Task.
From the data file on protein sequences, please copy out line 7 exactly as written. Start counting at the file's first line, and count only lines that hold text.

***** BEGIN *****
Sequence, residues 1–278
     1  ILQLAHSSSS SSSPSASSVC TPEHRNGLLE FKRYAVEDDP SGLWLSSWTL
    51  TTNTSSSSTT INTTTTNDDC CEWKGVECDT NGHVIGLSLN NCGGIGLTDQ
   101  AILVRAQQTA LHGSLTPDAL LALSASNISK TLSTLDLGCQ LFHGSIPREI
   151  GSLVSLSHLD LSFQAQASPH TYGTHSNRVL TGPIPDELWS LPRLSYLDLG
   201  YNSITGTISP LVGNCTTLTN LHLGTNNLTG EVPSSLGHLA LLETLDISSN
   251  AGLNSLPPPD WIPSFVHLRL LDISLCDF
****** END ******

   251  AGLNSLPPPD WIPSFVHLRL LDISLCDF